40 This line is parenthetical. End 39 and 40 with a comma.

    42 Meter again.

    45 You don’t need the comma. May I suggest Gary Lutz’s “Grammar Desk Reference”? It’s one of those quickie answer books that doesn’t go deep into grammar, but answers a lot of nagging needs. It’s one of my favorite tools.

    48 “Presence” is accented on the first syllable, you require it be on the second.

    51 & 52 I won’t pick on too many rhymes choices, but this one was a little too blatant.

    57 Try- “I ask for nothing in return.”

    61 Try- “I pay you with my limb and life.”

    65 “Can” give. He doesn’t have to do anything.

    66 She offers the court for him to live in, but the line doesn’t clarify that. Ah, always more words are needed.

    72 “and with her raiment did depart.”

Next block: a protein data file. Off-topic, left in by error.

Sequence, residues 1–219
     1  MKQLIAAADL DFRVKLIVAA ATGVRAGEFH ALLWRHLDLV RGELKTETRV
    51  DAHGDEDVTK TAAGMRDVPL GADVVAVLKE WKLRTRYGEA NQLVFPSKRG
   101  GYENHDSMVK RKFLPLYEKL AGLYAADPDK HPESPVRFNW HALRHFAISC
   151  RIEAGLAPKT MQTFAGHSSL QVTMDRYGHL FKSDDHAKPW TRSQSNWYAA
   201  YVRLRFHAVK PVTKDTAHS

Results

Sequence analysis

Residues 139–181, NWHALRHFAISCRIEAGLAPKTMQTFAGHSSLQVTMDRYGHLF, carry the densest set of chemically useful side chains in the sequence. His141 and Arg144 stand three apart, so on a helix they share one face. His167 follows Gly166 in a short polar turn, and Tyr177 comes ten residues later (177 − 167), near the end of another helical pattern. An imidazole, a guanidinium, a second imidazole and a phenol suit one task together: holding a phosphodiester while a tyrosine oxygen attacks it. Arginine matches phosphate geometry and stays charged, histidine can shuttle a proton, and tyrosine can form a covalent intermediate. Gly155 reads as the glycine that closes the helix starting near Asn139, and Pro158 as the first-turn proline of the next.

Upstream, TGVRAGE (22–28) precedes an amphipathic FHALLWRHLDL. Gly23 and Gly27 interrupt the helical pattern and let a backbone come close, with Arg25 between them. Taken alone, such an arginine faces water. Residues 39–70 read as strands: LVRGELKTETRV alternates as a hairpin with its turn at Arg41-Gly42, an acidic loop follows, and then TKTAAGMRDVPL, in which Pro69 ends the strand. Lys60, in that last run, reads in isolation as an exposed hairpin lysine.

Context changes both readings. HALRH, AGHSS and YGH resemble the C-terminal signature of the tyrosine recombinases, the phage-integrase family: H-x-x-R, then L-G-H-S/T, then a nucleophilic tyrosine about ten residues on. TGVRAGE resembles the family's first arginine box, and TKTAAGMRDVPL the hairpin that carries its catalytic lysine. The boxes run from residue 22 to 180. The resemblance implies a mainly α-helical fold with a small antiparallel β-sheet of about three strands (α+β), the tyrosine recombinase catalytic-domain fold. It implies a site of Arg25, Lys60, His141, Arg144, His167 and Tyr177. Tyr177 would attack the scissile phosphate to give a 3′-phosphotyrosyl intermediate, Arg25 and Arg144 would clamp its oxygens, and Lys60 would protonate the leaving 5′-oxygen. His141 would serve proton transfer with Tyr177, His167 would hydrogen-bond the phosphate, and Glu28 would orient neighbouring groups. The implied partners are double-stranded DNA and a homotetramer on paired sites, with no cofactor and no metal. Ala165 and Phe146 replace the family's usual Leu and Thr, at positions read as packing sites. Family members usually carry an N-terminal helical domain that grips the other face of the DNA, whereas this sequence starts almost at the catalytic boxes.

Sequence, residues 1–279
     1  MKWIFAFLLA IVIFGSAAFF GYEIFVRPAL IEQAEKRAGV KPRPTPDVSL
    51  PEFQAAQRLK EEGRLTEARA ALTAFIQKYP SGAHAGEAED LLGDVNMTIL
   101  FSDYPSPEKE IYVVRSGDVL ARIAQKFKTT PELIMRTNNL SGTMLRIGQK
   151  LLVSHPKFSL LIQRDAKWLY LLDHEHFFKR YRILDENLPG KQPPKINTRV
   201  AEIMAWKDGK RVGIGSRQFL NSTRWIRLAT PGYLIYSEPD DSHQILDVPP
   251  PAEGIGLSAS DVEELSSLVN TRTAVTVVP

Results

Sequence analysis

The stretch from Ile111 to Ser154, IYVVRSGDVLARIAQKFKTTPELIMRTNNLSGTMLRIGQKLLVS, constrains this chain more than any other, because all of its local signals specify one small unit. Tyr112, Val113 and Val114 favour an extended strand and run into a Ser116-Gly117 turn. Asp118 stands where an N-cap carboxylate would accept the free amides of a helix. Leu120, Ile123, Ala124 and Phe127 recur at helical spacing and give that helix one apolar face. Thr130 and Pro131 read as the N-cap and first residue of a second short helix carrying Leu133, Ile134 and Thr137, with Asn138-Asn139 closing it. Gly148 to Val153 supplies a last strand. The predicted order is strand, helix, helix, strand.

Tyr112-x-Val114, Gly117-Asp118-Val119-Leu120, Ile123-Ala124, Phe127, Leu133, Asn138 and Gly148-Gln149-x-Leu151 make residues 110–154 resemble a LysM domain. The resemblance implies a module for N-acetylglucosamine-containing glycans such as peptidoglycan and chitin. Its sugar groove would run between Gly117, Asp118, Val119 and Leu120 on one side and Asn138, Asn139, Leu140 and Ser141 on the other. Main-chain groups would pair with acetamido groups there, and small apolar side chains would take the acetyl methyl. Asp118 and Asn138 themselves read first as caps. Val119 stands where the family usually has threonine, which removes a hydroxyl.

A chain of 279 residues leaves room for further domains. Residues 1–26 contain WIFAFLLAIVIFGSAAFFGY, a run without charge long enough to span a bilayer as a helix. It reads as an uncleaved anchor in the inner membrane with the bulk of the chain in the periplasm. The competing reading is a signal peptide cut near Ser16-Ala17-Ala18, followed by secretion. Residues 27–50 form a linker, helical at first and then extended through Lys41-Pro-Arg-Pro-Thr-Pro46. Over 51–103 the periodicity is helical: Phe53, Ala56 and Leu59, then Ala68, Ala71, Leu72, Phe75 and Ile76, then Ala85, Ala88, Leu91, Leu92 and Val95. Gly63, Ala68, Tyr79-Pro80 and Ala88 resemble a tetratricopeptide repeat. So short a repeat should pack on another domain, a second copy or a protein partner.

75 Invert “out” and “from”.

    79 Instead of “will” I would suggest “would”.

    80 I’m not sure I understood this line.

    83 & 84 Bad rhyme.

    88 Meter problems.

    92 You used the correct contraction earlier with “pow’r”, but slipped on this one.

    95 Most readers will read “jewel” as one syllable. This is not technically correct, but what are you gonna do?

    99 Okay, I’m way confused. “Womb”? Actually in her womb? Or in a pouch at her belly? Or... hmmm.

    106 Try “Upon her side ‘til waking day.”

    120 Eliminate “two”.

    131 & 132 Another rhyme I cannot forgive.

    146 Meter again. Remember, there are other places you play this trick, but I have only made note of the ones that seem to cause trouble. If I didn’t make note, it’s because it didn’t interrupt the flow and therefore was no trouble.

    147 & 148 Rhyme. Really?

    150 The line has meter problems, but more than that it seems to drop the story like a rock. Somehow we need a little more elegance in the drama. Too sudden.

    I am digging into this as I would my own poetry. When I start to get ugly enough to trouble you, then let me know. Otherwise... see you in part 4.



W. H. Snow

A poet is a nightingale, who sits in darkness and sings to cheer its own solitude with sweet sounds. Percy Bysshe Shelley